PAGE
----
The Government's argument fails on numerous levels. First, under the exception for statutes with disjunctive elements, courts look to the indictment only to determine under which of the elements a defendant has been convicted; the facts found in the indictment are not used to establish whether physical force is an element of the retaliation statute. See Calderon-Pena, 383 F.3d at 257 ("Although the actual conduct described in the indictments could be construed to involve the use of physical force against the person of another, that is irrelevant ... [because] [t]he elements of an offense of course come from the statute of conviction, not from the particular manner and means that attend a given violation of the statute") (internal citation omitted). Second, even if retaliation is considered to have multiple elements, "none of the words that define `harm' — loss, disadvantage, or injury — requires the use of physical force." Acuna-Cuadros, 385 F.3d at 878. The Government's reliance on the statutory meaning of "bodily injury" is misplaced because neither the retaliation statute nor the definition of "harm" contains the term "bodily injury." See id. Third, the Government errs in concluding that if Martinez-Mata's offense is characterized as threatening to cause serious bodily injury, retaliation automatically constitutes a crime of violence. See Vargas-Duran, 356 F.3d at 606 (differentiating between statutory language that requires causing bodily injury and using force). Neither the facts in the indictment nor the definitions of terms outside of the statutory language are relevant in determining whether retaliation is a crime of violence. See Leocal v. Ashcroft, ___ U.S. ___, 125 S.Ct. 377, 381, ___ L.Ed.2d ___ (2004) (holding that making a similar crime of violence determination "requires us to look to the elements and the nature of the offense of conviction, rather than to the particular facts relating to petitioner's crime"); Calderon-Pena, 383 F.3d at 257; Vargas-Duran, 356 F.3d at 605. We agree with Martinez-Mata that his retaliation conviction does not qualify as a crime of violence.3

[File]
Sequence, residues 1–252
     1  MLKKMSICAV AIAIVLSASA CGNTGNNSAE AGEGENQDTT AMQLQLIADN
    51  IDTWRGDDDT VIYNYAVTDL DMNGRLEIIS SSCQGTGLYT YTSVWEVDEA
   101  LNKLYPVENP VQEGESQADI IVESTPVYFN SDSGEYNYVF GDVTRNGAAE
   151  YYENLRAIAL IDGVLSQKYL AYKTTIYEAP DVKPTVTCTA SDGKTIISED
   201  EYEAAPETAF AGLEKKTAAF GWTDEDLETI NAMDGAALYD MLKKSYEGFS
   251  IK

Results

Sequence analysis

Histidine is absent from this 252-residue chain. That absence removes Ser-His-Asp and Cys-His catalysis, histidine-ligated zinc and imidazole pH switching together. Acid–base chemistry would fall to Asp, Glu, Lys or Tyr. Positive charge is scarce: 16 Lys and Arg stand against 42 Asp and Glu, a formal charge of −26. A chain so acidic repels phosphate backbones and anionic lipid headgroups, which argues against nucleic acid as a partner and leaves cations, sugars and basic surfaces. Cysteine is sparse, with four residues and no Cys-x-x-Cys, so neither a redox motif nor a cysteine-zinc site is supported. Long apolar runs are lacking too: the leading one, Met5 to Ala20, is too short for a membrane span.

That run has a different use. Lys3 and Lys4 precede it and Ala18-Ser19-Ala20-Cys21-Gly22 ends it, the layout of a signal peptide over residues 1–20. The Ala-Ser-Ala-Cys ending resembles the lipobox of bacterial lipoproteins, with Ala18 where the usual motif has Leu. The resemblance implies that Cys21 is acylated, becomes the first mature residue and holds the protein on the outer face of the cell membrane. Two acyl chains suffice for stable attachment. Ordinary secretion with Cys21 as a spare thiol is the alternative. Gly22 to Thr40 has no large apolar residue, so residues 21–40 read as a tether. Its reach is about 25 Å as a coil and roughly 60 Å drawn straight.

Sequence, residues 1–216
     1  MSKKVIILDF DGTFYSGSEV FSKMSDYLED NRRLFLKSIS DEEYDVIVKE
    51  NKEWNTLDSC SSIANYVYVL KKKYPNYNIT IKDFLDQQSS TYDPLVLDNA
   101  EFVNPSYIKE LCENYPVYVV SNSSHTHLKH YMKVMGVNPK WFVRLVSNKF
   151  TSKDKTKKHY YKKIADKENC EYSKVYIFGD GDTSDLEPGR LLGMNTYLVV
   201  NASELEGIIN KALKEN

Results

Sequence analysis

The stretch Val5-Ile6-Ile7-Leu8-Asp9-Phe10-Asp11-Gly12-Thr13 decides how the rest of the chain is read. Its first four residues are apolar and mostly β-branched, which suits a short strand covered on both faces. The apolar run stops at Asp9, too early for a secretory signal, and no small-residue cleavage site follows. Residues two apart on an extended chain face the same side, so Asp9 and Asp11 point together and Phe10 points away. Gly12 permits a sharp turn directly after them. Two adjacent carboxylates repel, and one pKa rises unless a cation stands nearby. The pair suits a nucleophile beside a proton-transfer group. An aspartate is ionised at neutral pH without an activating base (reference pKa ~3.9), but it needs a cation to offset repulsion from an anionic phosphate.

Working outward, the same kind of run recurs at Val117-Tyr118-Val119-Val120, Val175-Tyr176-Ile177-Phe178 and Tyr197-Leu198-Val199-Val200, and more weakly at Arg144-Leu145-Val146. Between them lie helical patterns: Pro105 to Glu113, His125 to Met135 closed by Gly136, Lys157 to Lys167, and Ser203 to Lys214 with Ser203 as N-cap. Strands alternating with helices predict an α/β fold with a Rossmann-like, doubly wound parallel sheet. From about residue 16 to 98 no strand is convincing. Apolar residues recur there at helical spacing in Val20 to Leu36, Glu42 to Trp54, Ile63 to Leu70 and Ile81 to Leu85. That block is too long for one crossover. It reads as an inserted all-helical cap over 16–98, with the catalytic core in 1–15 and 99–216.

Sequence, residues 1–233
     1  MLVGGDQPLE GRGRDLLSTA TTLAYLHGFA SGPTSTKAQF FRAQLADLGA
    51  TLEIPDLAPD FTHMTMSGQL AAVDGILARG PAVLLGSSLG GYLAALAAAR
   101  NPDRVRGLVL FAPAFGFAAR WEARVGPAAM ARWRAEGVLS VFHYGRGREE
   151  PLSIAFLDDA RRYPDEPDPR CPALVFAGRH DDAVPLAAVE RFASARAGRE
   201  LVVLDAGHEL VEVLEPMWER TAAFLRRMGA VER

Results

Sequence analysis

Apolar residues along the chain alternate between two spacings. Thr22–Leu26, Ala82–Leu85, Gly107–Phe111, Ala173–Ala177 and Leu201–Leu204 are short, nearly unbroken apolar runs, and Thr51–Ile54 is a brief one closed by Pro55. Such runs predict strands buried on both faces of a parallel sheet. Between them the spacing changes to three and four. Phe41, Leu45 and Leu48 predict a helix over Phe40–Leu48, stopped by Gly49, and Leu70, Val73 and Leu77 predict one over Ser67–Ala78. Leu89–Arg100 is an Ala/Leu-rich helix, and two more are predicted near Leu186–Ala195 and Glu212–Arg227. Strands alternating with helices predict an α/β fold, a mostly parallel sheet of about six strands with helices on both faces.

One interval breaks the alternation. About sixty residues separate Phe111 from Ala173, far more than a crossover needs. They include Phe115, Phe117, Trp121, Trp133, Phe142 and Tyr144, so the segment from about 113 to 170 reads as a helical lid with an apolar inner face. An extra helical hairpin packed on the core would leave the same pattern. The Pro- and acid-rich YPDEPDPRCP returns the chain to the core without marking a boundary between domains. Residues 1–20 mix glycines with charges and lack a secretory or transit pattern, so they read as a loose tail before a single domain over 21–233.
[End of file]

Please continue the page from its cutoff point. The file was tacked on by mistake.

For the foregoing reasons, we conclude that Martinez-Mata's forty-six month sentence should not have included the sixteen-level "crime of violence" enhancement under § 2L1.2. On remand, the district court may determine whether Martinez-Mata's prior offense constitutes an "aggravated felony" that would require the application of § 2L1.2's eight-level sentence enhancement. We AFFIRM the district court's application of both the "felony" and "aggravated felony" provisions of 8 U.S.C. § 1326(b)(1) and (2). Martinez-Mata's sentence is VACATED, and the case is REMANDED for further proceedings not inconsistent with this opinion.
In November 1991, Martinez-Mata pleaded guilty in Texas state court to the offense of retaliation and was sentenced to four years of deferred adjudication probation. On April 13, 1992, the term was revoked and he was sentenced to four years in prison
The relevant portion of Texas's retaliation statute provides:
(a) A person commits an offense if he intentionally or knowingly harms or threatens to harm another by an unlawful act:
(1) in retaliation for or on account of the service or status of another as a:
(A) public servant, witness, prospective witness, or informant; or
(B) person who has reported or who the actor knows intends to report the occurrence of a crime....
TEX. PENAL CODE ANN. § 36.06(a) (Vernon 1990).
Martinez-Mata also argues that the "felony" and "aggravated felony" provisions of 8 U.S.C. § 1326(b)(1) and (2) are unconstitutional. He concedes that his argument is foreclosed byAlmendarez-Torres v. United States, 523 U.S. 224, 118 S.Ct. 1219, 140 L.Ed.2d 350 (1998), but wishes to preserve the issue for possible Supreme Court review in light of Apprendi v. New Jersey, 530 U.S. 466, 120 S.Ct. 2348, 147 L.Ed.2d 435 (2000). Apprendi did not overrule Almendarez-Torres. See id. at 489-90, 120 S.Ct. 2348; United States v. Mancia-Perez, 331 F.3d 464, 470 (5th Cir.2003). Accordingly, this Court must follow Almendarez-Torres"`unless and until the Supreme Court itself determines to overrule it.'" United States v. Dabeit, 231 F.3d 979, 984 (5th Cir.2000) (quoting Hopwood, et al. v. Texas, et al., 84 F.3d 720, 722 (5th Cir.1996)).